The Ring: You mentioned things you hear in the media, we heard the Helenius fight tees you up for Andy Ruiz next. Is that the thought process?

DW: “Well there’s a lot of different things going on. You’ve got Ruiz, you’ve got a lot of other fighters. The latest is Helenius, he’s going to be there and there’s a lot of different avenues that can be crossed. Once this fight is over with, we’ll see what’s on the table when the time comes. Right now, my main focus is on Robert and I always say I never look past an opponent but I look through them, that’s why I can talk about what’s next to a certain extent. But for the most part, I’m just focusing on Robert and that’s all I want to focus on at this moment in time until that chapter is closed. And then we can move forward.”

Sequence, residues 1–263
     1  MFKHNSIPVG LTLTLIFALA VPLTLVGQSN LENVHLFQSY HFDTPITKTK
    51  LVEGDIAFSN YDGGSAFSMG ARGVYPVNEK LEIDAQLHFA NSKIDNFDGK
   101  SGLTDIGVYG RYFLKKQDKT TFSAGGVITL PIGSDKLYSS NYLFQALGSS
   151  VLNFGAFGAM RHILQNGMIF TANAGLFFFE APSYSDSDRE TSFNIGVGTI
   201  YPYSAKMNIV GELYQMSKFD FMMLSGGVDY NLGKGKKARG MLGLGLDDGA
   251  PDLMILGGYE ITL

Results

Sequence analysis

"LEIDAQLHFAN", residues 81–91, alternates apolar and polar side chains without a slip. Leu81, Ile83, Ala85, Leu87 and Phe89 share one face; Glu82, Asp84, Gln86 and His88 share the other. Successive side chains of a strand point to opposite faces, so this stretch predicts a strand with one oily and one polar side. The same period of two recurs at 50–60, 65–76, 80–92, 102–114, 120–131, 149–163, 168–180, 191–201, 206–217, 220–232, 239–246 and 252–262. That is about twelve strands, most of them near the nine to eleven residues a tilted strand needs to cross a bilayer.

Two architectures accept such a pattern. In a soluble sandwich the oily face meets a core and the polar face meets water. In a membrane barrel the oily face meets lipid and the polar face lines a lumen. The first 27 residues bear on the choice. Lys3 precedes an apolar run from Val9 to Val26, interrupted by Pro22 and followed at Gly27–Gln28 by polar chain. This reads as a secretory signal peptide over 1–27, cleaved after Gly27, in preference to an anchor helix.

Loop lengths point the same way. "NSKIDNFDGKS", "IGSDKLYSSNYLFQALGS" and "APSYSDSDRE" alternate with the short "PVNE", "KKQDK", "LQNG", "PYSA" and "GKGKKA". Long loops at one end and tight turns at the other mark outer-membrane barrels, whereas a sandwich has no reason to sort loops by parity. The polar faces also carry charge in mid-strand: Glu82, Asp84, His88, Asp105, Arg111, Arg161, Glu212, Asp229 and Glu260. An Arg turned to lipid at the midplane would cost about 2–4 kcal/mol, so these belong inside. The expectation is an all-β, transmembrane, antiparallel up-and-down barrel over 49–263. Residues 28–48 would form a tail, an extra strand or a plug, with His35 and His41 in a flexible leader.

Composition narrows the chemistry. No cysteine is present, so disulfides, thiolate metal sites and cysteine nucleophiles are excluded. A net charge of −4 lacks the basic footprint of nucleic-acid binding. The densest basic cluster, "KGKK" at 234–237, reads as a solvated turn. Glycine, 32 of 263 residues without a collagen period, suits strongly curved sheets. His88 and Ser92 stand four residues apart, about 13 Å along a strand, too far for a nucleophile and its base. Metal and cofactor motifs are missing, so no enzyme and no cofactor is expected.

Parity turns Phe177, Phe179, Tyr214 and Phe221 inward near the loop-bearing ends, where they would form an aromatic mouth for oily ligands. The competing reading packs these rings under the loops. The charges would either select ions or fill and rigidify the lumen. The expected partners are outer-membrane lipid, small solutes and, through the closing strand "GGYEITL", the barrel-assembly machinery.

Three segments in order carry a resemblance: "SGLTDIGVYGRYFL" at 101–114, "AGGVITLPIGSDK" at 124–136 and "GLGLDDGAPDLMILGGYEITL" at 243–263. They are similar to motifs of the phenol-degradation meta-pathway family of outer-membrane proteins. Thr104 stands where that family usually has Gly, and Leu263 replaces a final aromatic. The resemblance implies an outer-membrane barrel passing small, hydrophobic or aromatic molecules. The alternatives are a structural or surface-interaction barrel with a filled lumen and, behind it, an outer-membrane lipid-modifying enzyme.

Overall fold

The Ring: I get that, but I guess the plan is you’d like to fight Usyk who’s got most of the belts?

DW: “Most definitely. It’s not likely that I am the one that gets opportunities from other fighters. When I was in position, I blessed as many fighters as I could, I blessed so many fighters and changed their lives, and it makes me feel good to know that I’ve done that. Some of the guys, we’ve become even closer out of the ring because I blessed them tremendously and they acknowledged that… so to receive it on the other end if it happens, it’s going to be a great thing.”

The Ring: Do you want to fight away from the USA? These last three years, do you have a bucket list of things you’d like to tick off or achieve before you retire?

“In the business of boxing?

“Yes…

“I don’t have too many, but one of them I definitely want to go and fight in Africa. That’s definitely on my to-do list. That’s my ultimate thing. There are other locations in the States, but outside the States I’d definitely like to go to Africa and have a great fight out there.”